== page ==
7. 7. Salt Water Fresh Water Hypertonic Hypotonicfluid in alveloi fluid in alveoli Increased Efflux of fluid capillary perm to capillary Influx of Surfactantcapillary fluid disruption Pulmonary Shunt
  8. 8. Pulmonary ShuntDecreased Arterial Decreased Volume Hypoxa Output Cerebral Hypoxia Ischemic Brain Injury
  9. 9. Pulmonary ShuntDecreased Arterial Decreased Volume Hypoxa Output Cerebral Hypoxia Ischemic Brain Injury
  10. 10. Cardiac Effects• Most important cardiac effects are arrhythmias, most often V-fib - Most likely due to a mix of hypoxia, acidosis, and catecholamine surge - Human studies have not uncovered significant electrolyte imbalances • Exceptions are those who drowned in The Dead Sea
  11. 11. Cardiac Effects• Cold water submersion - May lead to myocardial irritability and conduction abnormalities - Frequently associated with J-wave - Vulnerability to V-Fib is increased - Hypothermic heart is relatively unresponsive to both electrical and pharmacological interventions
  12. 12. Volume effects• Significant volumes of aspirated water may cause hypovolemia secondary to pulmonary edema• This can be exacerbated by cold water diuresis• Hypovolemia combined with rhabdomyolysis may lead to acute renal failure
  13. 13. Decreased Arterial Decreased Volume Hypoxa Output Cerebral Hypoxia Ischemic Brain Injury
  14. 14. Decreased Arterial Decreased Volume Hypoxa Output Cerebral Hypoxia Ischemic Brain Injury
  15. 15. Decreased Arterial Decreased Volume Hypoxa Output Cerebral Hypoxia Ischemic Brain Injury
  16. 16. ICU Treatment
  17. 17. ICU treatment• Two priorities - Ventilatory support • Restore more normal FRC • Restore more normal V/Q ratio - Circulatory support • Restore adequate oxygen delivery to tissues
  18. 18. Ventilatory Support• Non-invasive positive pressure ventilation - PaO2/FiO2 ratio < 200 - RR > 24 - Dyspnea - Conscious pt, good airway reflexes, and mild gas exchange
  19. 19. Ventilatory Support• Invasive Mechanical Ventilation - NPPV fails to correct gas exchange - Comatose pts or those with severe gas exchange impairment
  20. 20. Aspiration• Along with water, patients may also aspirate debris and stomach contents - Theoretical risk of aspiration pneumonitis and pneumonia - No evidence supporting empiric antibiotics, but threshold for treatment should be low - Very little evidence supporting the administration of steroids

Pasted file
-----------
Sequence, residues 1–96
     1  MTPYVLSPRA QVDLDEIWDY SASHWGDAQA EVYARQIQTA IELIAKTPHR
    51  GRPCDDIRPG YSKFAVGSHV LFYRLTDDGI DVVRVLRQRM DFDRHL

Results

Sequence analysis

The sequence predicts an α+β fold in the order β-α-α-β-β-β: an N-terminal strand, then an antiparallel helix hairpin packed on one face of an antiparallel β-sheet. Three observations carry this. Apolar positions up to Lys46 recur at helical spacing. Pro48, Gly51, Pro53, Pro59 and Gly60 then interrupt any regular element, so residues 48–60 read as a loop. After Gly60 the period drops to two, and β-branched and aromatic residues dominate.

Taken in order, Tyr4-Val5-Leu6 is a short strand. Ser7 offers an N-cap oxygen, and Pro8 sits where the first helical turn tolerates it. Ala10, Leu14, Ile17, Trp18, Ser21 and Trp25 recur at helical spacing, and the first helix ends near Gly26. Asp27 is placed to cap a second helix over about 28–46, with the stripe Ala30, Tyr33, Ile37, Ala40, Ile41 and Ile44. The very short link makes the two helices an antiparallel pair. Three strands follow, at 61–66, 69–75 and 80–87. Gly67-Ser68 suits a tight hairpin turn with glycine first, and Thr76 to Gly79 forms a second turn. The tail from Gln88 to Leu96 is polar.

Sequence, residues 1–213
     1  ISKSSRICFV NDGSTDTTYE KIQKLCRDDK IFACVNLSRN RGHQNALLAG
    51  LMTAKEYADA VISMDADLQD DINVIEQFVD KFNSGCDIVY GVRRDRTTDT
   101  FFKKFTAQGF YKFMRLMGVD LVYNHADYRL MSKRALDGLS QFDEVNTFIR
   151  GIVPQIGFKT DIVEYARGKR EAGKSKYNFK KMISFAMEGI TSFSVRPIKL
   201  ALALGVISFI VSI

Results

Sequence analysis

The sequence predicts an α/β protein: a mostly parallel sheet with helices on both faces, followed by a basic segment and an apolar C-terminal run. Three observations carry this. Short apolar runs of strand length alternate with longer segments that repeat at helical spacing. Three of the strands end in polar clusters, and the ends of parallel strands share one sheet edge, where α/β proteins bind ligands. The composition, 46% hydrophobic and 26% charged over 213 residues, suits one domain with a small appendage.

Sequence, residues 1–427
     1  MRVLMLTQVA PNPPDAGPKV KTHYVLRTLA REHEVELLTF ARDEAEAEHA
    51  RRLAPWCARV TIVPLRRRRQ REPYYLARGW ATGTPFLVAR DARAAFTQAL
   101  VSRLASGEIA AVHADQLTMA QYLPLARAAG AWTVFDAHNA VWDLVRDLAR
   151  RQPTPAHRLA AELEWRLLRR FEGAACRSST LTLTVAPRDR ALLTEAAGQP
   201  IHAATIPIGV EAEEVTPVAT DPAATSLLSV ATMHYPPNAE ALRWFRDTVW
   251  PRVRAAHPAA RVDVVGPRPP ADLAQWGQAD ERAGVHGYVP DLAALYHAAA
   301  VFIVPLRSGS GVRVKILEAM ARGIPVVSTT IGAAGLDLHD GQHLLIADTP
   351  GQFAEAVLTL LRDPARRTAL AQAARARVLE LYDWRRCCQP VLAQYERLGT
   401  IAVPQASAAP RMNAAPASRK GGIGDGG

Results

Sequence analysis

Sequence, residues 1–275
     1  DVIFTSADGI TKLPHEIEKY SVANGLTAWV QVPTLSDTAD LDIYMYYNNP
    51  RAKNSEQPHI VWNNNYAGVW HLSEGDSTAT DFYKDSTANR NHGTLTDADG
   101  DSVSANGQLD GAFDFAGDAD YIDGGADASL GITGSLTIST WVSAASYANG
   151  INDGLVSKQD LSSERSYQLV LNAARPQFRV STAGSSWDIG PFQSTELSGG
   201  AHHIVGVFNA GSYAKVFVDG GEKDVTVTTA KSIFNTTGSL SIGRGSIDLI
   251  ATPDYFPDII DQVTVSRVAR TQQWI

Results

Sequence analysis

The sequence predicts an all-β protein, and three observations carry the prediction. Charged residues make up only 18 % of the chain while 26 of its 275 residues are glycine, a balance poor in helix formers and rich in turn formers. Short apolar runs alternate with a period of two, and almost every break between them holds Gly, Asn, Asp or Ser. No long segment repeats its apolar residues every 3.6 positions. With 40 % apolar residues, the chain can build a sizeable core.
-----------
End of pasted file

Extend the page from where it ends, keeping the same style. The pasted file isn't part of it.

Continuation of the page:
21. 21. Circulatory Support• Large aspiration of water may lead to significant fluid shifts leading to hypotension• Animal models show benefits of fludis - Mechanical ventilation or inotropes alone fail to adequate resuscitate patients• Monitor hemodynamics closely in critical patients - CVP, pulmonary artery pressure
  22. 22. Neurological Support• Mild hyperventilation to maintain PCO2 30-35 may reduce ICP• Increase head of bed if no C-spine injury• Seizure prophylaxis, Phenytoin preferred• Maintain euglycemia• Evidence for therapeutic hypothermia still inconclusive
  23. 23. Hypothermia• CAN HAPPEN IN FLORIDA• Heat conducted much easier through water• Depends on water temp, time of exposure, clothing type, prehospital care, age, and underlying health of patient
  24. 24. Hypothermia• Depressed deep body temps can have varying effects on physiology (rough estimates) - 35 C: AMS - 33 C: Arrhythmias - 30 C: LOC - 28 C:V-Fib - 25 C: Cardiac arrest
  25. 25. Hypothermia• Below deep body temp of 28 C - Fluid shifts out of vasculature - Depressed renal function, augmented diuresis - Impaired hepatic metabolism - Impaired ion channel regulation - Decreased GI smooth muscle motility - Insulin dependent glucose transport ceases
  26. 26. Hypothermia• Treatment strategies - Passive external rewarming (insulate) - Warm fluids - Radiant heating - Forced air rewarming - Extracorporeal blood rewarming• Unless hypothermic treatment encourage by facility, maintain normothermia
  27. 27. Prognosis• Many theorized and tested prognostic systems, but none have been universally accepted• ICU admission characteristics found to be predictive of poor outcome - GCS < 5 and lack of pupillary response - Highlights important role of brain hypoxia• Others: Age, sex, duration, APACHE II
  28. 28. Prognosis• Other indicators of poor prognosis - Duration of submersion >10 minutes - Time to effective BLS >10 minutes - Resuscitation duration >25 minutes - Water temperature >10ºC (50ºF) - Age <3 years - Persistent apnea and CPR in ED - Arterial pH < 7.1 upon presentation
  29. 29. That’s all